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Flames experience a silver lining amid madness of Omicron in NHL

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During one of Calgary Flames GM Brad Treliving’s Zoom calls last week, he ended with the quip, “Stay positive, test negative.”

At the time, amid the outbreak of Omicron among the players and staff, most were either asymptomatic or experiencing mild symptoms.

If there’s one positive to take from the entire experience, it’s that nobody seemed to suffer much. They’re as healthy as they’ve been all season heading into Thursday’s game in Seattle.

Some fever and chills, aches and pains, sniffles and coughs. For the most part, it was the isolation from teammates and, in some cases, family, that they had to overcome.

“I had some, I guess mild, symptoms but it was OK,” Calgary Flames winger Andrew Mangiapane said via Zoom on Tuesday after the team’s second practice after the break.

“It’s tough to kind of sit there for 10 days not doing much. It’s kind of scary for all the guys – you don’t know how their bodies will react, catching COVID and everything. You’re kind of scared for the whole team for a little bit. Thankfully everybody was OK and now it’s time to move on from it.”

There seems to be a lot of that sentiment around the NHL right now. Moving on. Moving forward. Figuring out how to continue to play in the face of Omicron, the very contagious but seemingly mild version of the COVID-19 virus.

The NHL followed in the footsteps of other sports leagues to change their protocol but it remains to be seen whether Canada complicates things and whether provincial guidelines trump the NHL’s new ideas.

The Calgary Flames experience continues to be a wealth of data, anecdotally, at least.

“I got a little bit of symptoms. Nothing too bad,” Flames centre Mikael Backlund said this week. “I had a normal cold two weeks before that was worse. I had a few days where my energy wasn’t super high but other than that, I was fine.”

Chris Tanev and Jacob Markstrom seemed to get it the worst among those who have talked so far. But even the worst wasn’t so bad.

“I was fairly sick for a day and a half or so. Got better after that, though. Feel good now. Feel good on the ice as well,” Tanev said before expanding a little.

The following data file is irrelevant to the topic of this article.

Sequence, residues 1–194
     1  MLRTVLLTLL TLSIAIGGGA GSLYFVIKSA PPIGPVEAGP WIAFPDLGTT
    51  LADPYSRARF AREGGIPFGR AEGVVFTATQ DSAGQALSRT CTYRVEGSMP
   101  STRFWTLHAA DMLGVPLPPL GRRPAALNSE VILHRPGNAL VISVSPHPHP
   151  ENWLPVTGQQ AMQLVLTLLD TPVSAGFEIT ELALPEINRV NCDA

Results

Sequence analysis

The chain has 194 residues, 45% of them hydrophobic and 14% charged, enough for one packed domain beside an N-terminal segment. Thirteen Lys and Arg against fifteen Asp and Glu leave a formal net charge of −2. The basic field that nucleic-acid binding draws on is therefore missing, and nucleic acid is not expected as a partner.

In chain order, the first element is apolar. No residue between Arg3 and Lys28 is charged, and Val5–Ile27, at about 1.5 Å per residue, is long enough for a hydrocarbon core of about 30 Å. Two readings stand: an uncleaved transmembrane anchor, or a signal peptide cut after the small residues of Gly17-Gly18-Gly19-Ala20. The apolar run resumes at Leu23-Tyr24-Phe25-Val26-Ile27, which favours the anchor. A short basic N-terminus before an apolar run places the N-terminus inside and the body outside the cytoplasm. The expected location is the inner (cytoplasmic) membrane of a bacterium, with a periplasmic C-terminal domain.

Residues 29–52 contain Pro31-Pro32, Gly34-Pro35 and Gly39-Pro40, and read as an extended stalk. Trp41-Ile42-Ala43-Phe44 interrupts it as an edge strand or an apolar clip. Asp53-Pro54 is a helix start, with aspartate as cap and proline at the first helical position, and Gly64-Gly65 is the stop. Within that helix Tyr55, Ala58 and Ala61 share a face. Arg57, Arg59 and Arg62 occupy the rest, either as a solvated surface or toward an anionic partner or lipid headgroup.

“Probably similar to a flu. I got a little chills, the muscle aches, that sort of stuff.”

Simlarly, Markstrom’s experience lasted a couple of days where he spent a lot of time in bed trying not to stiffen up.

“Everybody got sick. I had probably two days where I was maybe fever and cough and cold-like symptoms,” Markstrom said. “Probably a week ago it pretty much disappeared except for the cough.

Of course, that’s not to suggest we have enough data to know what any longer-term effects might be from the Omicron variant. Its transmissibility alone is causing everyone to be cautious. The cancellation of the World Juniors is another example of that.

It’s encouraging that one of the, ahem, elder members of the organization was also well protected by his vaccinations.

“Everybody gets different levels of symptoms. I had a cold, basically,” said head coach Darryl Sutter. “You get through it. Isolation is the worst part.”

From video games to binging shows or movies, to puzzles, each player found ways to pass the time.

“Movies,” winger Andrew Mangiapane said with a laugh. “I did a puzzle on my last couple of days there. It took a little longer for Amazon to drop off the puzzle for me.”

“I just tried to crush a couple of shows,” said Dillon Dube on Wednesday. “It was tough. You kind of hit that point you miss being in a routine.

“I’m really happy no one got any severe symptoms. Everyone’s healthy and back now. It’s super exciting to be back.”

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